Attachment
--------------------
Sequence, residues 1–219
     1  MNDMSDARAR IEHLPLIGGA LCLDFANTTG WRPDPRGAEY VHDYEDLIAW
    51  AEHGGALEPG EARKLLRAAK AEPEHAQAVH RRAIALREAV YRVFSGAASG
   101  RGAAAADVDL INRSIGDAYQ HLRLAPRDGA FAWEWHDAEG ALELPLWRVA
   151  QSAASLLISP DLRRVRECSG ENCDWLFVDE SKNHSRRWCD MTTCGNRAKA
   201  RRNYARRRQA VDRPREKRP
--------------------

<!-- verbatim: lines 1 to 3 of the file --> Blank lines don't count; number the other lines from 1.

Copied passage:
Sequence, residues 1–219
     1  MNDMSDARAR IEHLPLIGGA LCLDFANTTG WRPDPRGAEY VHDYEDLIAW
    51  AEHGGALEPG EARKLLRAAK AEPEHAQAVH RRAIALREAV YRVFSGAASG